If you have long valve stems the force from the pumping can easily bend or break them. You end up putting your leg up against them, or trying to figure out a way to brace it on something, this pump comes with a long rubber tube that pulls out of the end allowing you to bend and flex the body of the pump without putting too much pressure on the valve stem. The longer hose also allows you access those hard to reach valve stems on strollers, and other non-bike inflated tires.
The rubber of the tube is very “aromatic” (it absolutely stunk of vulcanized rubber) when you first get it, so I recommend letting it hang out open in a well ventilated area for a day or two to let the rubber smell wear off before putting it in your bag. The contents of my bag had a lovely rubber smell until I let the pump “air out” (bike pump pun!) for about 12 hours. After which the smell was gone.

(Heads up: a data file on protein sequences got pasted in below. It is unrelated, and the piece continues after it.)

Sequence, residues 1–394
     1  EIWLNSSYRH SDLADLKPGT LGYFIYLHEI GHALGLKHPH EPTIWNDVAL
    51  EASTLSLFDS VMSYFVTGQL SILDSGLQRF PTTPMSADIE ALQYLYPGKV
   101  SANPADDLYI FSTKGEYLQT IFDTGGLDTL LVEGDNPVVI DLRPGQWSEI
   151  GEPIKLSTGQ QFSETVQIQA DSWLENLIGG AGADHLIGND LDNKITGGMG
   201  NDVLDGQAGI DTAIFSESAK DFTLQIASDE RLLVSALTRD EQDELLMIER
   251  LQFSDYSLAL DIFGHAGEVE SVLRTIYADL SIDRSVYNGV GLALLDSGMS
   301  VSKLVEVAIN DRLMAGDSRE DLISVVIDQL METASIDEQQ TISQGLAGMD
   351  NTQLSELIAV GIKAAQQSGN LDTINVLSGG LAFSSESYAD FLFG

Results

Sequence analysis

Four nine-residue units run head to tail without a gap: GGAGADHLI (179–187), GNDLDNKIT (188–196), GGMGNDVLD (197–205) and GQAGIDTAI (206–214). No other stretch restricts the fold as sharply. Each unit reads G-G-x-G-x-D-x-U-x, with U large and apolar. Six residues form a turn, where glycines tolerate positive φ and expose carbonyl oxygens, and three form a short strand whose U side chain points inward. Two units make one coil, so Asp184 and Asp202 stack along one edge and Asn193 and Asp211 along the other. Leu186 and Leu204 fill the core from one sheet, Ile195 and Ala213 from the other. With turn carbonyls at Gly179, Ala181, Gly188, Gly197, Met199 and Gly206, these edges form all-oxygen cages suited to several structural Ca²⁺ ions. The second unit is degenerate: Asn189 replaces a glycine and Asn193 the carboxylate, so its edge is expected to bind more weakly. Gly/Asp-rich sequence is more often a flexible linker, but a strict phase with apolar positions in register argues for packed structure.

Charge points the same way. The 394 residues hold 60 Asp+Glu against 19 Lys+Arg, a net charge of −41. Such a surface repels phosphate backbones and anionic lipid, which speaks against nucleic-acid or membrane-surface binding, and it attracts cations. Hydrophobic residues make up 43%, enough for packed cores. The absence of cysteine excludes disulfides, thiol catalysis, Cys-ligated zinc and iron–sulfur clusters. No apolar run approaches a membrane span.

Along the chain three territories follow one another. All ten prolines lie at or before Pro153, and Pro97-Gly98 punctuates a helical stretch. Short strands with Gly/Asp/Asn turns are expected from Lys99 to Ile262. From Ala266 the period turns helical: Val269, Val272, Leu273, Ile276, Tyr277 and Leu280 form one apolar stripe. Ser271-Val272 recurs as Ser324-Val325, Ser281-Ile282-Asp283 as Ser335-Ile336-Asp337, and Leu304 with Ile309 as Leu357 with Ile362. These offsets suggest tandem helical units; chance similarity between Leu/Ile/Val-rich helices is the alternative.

All the accessories tuck into the back of the pump, and are easy to loose if you don’t carefully remove the back when emptying them out (they flew all over the room), but really the only thing you will probably want is the presta-schrader valve adapter, which is small and easy to loose, so I just leave it permanently attached to the end of the tube, even though it keeps the dust cap from closing. It would haven been nicer to have a more elegant way to switch from presta to schrader, or perhaps just a bigger dust cap, but this is not a deal breaker for me.
The pump puts air in your tire, it does it without weighing too much, or damaging your valve stems. It doesn’t feel like a cheap plastic piece of crap, and I feel like it could take a beating before it broke. All in all not a bad little pump. I would recommend this pump if you are in the market for one. The price put’s it above the average for these sorts of things, but its a quality product that isn’t too pricey.